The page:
Languagehat is a deep repository of interesting linguistic tidbits. An essential blog for those with an interest in language, Languagehat is also engaging enough to make regulars out of a monolingual like me. "Hat" was nice enough to share some of his favorite books from this year:Jeff Prucher's Brave New Words: The Oxford Dictionary of Science Fiction isn't even out yet, but as a copyeditor I've had the opportunity to read the whole thing, and it's definitely one of my favorite books of the year. Yes, I got paid money to read it, but anyone who knows me at all knows that lexicography and science fiction are two of my favorite things, and to have them combined in a glorious package is a thrill that has nothing to do with a paycheck. If someone had told me forty years ago that the people who put out the OED would one day apply their scholarly talents to my favorite field, I would have been even more impatient for the future to arrive. It's got etymologies, citations going back to the Renaissance and right up to 2006, fan terms going back to the purple-stained days of hectographs... Anyone who loves both words and sf will love this book. FIAWOL (= Fandom Is a Way of Life)!Grant Barrett's The Official Dictionary of Unofficial English is another amazing lexicographical performance that does something that would have been impossible until the advent of the Internet: applies the full panoply of scholarly resources to new or marginal words that do not appear in other dictionaries. Grant's website Double-Tongued Word Wrester has been tracking such words since 2004, and he's put the best of them into this book. One of my favorites is vuzvuz 'a derogatory name for an Ashkenazic Jew... This term is usually used within the religion, especially by Sephardic Jews.' A few entries in succession: AMW "a (pretty) woman whose career derives in some way from her appearance' (from Actress, Model, Whatever); area boy 'a hoodlum or street thug' (a Nigerian term); armchair pilot 'a person who talks about, studies, or directs airplane flying, but is not qualified to, or does not, handle the controls' (a military term), and Asbo 'a court order designed to curtail unwanted public behavior' (UK, from "anti-social behaviour order"). I can splash around in it for hours.I've been doing a lot of reading about century-old Russian history, trying to understand the Revolution and how it happened, and Michael Melancon's The Socialist Revolutionaries and the Russian Anti-war Movement was a surprisingly gripping read that is far more comprehensive than the title might indicate and explained things that better-known volumes pass over with hand-waving and generalities, in particular how exactly it was that all those workers and soldiers poured out into the streets in the last days of February 1917 and toppled the tsar. The SRs have been pretty much forgotten in the obsession over the Bolsheviks who wound up taking the tsar's place, and if you've read enough to know who they are, you probably (like me) filed them away on a mental index card labeled "terrorism, peasants." Turns out that's a ridiculous oversimplification, and they were tremendously popular with the urban proletariat until the summer of 1917, when (like everyone else anywhere near the reins of power) they disappointed people who wanted peace and land sooner rather than later. Anyone interested in the period should read the book; Melancon's working on one about the Left Socialist Revolutionaries, 1917-1921, which I'm looking forward to. (Incidentally, his name has a c-cedilla in French, and he pronounces it the French way, me-la(n)-SO(N).)Thanks Languagehat!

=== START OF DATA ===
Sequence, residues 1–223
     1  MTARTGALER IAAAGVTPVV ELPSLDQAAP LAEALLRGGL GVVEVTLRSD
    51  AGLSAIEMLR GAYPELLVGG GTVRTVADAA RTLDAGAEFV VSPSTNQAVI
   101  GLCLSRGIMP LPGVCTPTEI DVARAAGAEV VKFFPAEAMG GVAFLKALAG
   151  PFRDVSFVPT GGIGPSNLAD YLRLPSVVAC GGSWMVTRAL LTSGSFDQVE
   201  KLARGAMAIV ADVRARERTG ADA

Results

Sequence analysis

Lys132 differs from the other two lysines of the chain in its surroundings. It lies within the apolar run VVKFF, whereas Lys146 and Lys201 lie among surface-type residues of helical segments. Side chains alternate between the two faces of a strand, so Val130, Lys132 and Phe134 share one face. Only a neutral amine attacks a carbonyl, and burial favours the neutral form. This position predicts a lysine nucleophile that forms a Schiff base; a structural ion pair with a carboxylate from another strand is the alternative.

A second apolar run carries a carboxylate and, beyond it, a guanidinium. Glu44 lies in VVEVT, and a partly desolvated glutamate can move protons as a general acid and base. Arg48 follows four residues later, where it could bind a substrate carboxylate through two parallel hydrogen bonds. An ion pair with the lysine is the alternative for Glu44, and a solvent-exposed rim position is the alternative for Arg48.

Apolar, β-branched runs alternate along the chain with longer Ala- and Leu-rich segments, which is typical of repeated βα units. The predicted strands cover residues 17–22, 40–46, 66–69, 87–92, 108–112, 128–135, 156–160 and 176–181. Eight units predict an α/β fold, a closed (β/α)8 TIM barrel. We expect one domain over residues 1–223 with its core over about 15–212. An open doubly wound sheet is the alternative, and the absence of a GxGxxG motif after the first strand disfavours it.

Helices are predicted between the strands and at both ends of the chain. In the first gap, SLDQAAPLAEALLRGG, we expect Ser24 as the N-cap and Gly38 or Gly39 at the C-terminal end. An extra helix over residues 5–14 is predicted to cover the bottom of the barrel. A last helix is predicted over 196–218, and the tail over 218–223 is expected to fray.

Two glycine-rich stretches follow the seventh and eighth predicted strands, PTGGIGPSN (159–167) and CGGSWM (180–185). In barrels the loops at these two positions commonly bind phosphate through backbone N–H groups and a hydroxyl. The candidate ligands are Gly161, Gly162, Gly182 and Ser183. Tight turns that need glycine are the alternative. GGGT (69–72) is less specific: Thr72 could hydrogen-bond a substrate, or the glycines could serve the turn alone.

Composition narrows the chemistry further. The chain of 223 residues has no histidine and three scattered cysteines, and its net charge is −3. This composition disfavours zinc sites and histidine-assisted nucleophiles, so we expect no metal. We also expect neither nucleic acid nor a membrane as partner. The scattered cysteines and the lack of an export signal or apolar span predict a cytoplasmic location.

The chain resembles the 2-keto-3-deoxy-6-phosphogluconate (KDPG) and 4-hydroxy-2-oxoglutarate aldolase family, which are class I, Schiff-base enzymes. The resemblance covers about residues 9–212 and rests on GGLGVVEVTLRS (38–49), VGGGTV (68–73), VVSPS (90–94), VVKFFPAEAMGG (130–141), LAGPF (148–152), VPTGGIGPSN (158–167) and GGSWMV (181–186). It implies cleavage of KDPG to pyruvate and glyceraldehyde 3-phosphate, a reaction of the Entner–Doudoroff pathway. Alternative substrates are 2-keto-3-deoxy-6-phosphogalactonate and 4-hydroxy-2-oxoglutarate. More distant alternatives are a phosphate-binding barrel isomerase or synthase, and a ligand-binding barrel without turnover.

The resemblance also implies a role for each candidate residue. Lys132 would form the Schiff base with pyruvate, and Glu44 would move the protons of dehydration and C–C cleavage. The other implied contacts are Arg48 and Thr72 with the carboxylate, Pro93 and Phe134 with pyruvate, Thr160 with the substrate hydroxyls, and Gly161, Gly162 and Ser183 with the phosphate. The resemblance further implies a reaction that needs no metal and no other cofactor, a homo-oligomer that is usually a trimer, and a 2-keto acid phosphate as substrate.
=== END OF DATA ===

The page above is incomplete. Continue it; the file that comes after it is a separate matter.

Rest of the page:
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“Now, I ask you, what if all along it was as simple as joining this company to fill the part of me missing? What if some deranged wiring or disease has forced me to isolate myself away instead of considering being part of a team like the one here at your company? I feel pretty good right now, and I’m not even officially part of anything. Just even filling out this application is fixing me.” Quotes from Dan Kennedy’s poetic job interviews.
"What knits together the families of Roth’s Newark are adults—some foreign-born but many the children of immigrants—who either experienced the insecurity and deprivation of the Old World themselves or heard stories about it from their own parents. What they want most is to find stability in a neighborhood, in a city, and in a country that offers them the chance at security for their families." On Philip Roth and Newark, NJ.